- Legislators join Coinbase to delay response date set for new FinCEN new regulation
- Legislators also align themselves with FinCEN regarding new regulation
Several US legislators have called on the Financial Crimes Enforcement Network (FinCEN) to delay responses to their recently proposed crypto regulations.
This is in lieu of FinCEN’s Notice of Proposed Rulemaking (NPRM) related to “Requirements for Certain Transactions Involving Convertible Virtual Currency or Digital Assets.”
In a letter, the US lawmakers stated that the FinCEN did not provide enough time for all concerned parties to issue their feedback.
The regulator’s proposal required digital asset exchanges to keep verified identities, records of the customers’ transactions and counterparties above certain transactions, and submit reports to authorities.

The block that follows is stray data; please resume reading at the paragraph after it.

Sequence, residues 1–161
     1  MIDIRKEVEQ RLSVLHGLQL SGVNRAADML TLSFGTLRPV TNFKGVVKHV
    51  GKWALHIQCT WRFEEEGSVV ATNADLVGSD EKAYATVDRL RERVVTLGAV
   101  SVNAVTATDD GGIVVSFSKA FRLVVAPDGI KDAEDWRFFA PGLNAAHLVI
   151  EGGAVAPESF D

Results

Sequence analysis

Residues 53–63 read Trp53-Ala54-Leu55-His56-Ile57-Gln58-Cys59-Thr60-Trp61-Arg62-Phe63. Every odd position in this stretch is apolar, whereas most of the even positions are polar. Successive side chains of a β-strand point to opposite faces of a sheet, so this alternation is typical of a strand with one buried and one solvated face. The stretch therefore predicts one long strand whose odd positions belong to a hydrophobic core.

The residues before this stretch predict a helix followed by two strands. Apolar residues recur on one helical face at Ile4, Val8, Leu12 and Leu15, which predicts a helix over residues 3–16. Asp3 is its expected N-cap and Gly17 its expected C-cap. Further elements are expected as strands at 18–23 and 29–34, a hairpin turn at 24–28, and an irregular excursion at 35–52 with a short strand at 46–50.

However, they set a 15-day deadline for a response as several crypto firms in the US were skeptical about responding. Popular US crypto firm Coinbase was among the foremost to respond, asking the regulators to give more time for such responses. They asked for 60 days.
Eight US legislators also backed Coinbase and other crypto firms with their letter demanding more time.
The letter addressed to US Treasury Secretary Steve Mnuchin and FinCEN Director Kenneth Blanco stated that the new rules’ complexities require more time for these firms to respond.
As Coinbase demanded, the legislators asked for an extension within 15 days to 60 days so that “stakeholders have a meaningful opportunity to evaluate how the proposed rule will impact their business and customers.”
US Legislators align with FinCEN despite demand
In their letter, the US legislators also aligned themselves with the regulators, noting that they know the significance of such legislation and its potential impact on the industry and the American people.
They said they share FiNCEN’s goal of protecting national security and supporting law enforcement in their efforts to combat criminals ready to engage in money laundering, illicit financing, and other criminal activity.
The legislators are: Reps. Tom Emmer, David Schweikert, Warren Davidson, Ted Budd, Bill Foster, Darren Soto, Suzan DelBene, and Tulsi Gabbard, and US Senator Tom Cotton recently made the same request.